Elizabeth Coryllos, MD, MSs, FAAP, FACS, FRCSc, IBCLC
Catherine Watson Genna, BS, IBCLC
Alexander C. Salloum, MD, MA
Newsletter of the American Academy of Pediatrics – Summer 2004
Many of today’s practicing physicians were taught that treatment of tongue-tie, (ankyloglossia) is an outdated concept – a relic of times past. Among breastfeeding specialists tongue-tie has emerged as a recognized cause of breastfeeding difficulties – and a very easily corrected one.
During the last several decades of predominant bottle-feeding, tongue-tie was relegated to the status of a “non-problem” because of the lack of significant impact upon bottle feeding behaviors.
The goal of this article is to alert pediatricians to the potential link between tongue-tie and breastfeeding problems in order to expedite intervention in symptomatic cases.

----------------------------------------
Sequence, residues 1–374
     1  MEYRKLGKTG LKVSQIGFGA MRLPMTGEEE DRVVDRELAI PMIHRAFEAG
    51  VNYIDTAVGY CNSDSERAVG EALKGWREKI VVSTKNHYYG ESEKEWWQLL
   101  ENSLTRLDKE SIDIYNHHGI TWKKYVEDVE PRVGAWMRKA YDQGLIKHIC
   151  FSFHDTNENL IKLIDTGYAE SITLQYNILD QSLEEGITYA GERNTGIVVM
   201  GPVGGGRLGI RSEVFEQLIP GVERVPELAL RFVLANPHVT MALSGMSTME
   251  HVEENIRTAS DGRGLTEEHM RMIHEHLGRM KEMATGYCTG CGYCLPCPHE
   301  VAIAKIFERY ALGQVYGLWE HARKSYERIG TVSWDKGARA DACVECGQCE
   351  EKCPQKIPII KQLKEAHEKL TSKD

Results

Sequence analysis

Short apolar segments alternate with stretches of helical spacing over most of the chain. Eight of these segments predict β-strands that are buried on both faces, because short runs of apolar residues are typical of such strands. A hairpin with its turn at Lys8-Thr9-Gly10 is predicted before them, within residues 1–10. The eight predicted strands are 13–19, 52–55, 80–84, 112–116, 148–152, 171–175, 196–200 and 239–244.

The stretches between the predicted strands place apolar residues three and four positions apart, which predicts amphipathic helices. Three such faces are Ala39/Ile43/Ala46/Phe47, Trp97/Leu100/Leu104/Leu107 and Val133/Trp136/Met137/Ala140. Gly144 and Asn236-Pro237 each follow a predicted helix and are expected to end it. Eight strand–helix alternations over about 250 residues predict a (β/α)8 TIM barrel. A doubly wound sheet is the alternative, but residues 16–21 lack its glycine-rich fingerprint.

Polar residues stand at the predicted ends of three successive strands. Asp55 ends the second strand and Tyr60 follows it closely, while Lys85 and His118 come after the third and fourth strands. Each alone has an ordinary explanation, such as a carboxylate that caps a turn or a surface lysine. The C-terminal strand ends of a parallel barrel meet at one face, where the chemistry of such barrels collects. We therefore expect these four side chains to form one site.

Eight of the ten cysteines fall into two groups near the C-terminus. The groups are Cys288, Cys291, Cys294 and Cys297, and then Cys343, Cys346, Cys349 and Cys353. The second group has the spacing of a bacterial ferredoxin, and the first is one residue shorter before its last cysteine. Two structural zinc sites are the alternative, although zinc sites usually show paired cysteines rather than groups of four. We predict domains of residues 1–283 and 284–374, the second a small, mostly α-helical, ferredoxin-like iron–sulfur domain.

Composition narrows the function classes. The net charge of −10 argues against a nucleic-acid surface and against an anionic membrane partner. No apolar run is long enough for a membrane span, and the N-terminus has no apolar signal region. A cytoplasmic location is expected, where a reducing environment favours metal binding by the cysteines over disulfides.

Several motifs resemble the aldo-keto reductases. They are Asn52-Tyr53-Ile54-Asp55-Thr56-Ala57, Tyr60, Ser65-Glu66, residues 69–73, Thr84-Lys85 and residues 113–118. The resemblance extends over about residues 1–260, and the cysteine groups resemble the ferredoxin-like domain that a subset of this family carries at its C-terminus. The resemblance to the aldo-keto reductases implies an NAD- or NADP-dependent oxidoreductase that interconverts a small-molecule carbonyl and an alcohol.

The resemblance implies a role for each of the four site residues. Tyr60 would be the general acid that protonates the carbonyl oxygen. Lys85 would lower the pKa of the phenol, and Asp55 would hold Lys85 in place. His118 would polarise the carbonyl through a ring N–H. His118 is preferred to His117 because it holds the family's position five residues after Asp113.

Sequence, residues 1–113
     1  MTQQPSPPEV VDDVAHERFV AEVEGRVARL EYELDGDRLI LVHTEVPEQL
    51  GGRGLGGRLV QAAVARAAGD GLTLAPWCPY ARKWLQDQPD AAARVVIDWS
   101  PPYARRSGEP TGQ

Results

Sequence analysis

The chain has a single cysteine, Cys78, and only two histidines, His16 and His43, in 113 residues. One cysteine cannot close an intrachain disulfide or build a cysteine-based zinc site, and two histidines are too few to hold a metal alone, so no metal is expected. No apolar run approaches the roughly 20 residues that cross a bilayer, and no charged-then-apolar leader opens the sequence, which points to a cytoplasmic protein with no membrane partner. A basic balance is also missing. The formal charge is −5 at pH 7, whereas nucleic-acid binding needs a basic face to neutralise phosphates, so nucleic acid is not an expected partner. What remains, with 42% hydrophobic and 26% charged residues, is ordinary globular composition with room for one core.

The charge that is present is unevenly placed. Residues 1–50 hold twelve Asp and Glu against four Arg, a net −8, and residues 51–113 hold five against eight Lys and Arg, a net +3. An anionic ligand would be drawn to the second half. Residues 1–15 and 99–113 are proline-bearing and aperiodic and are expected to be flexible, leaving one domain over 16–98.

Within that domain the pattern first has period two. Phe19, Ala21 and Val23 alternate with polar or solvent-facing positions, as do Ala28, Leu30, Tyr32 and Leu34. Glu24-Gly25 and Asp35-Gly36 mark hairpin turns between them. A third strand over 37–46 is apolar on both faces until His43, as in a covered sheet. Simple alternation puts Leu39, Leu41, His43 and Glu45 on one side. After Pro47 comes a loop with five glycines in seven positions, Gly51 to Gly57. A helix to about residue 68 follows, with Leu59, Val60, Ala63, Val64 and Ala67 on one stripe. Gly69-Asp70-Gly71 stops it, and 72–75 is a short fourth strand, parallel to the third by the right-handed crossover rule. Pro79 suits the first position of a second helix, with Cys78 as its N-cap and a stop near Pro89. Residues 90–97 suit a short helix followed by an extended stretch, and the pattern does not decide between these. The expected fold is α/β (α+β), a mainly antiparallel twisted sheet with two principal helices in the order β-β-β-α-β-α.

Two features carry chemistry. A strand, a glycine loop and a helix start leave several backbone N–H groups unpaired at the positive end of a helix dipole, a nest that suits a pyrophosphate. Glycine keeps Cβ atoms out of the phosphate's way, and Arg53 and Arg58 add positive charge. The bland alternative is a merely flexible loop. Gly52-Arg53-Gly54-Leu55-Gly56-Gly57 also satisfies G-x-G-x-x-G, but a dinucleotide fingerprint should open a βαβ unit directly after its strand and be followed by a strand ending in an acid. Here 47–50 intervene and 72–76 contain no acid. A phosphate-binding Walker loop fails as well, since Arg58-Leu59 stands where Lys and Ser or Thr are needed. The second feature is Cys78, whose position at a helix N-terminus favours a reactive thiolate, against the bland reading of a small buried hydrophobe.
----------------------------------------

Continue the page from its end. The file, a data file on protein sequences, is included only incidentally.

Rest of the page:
Tongue-tie (ankyloglossia, tight frenulum) is a condition in which the bottom of the tongue is tethered to the floor of the mouth by a membrane (frenulum) so that the tongue’s range of motion is unduly restricted. This may result in various oral development, feeding, speech, swallowing, and associated problems. Genetic factors are suspected, as tongue-tie is frequently familial.
Tongue-ties can be divided into four types, according to how close to the tip of the tongue the leading edge of the frenulum is attached:
Type 1 is the attachment of the frenulum to the tip of the tongue, usually in front of the alveolar ridge in the lower lip sulcus.
Type 2 is two to four mm behind the tongue tip and attaches on or just behind the alveolar ridge.
Type 3 tongue-tie is the attachment to the mid-tongue and themiddle of the floor of the mouth and is usually tighter and less elastic.
Type 4 is essentially against the base of the tongue, and is thick, shiny and very inelastic.
Types 1 and 2, considered “classical” tongue-tie, are the most common and obvious tongue-ties, and probably account for 75% of incidence. Types 3 and 4 are less common, and since they are more difficult to visualize are the most likely to go untreated.
Type 4 is most likely to cause difficulty with bolus handling and swallowing, resulting in more significant symptoms for mother and infant (see section on Diagnostic Assessment).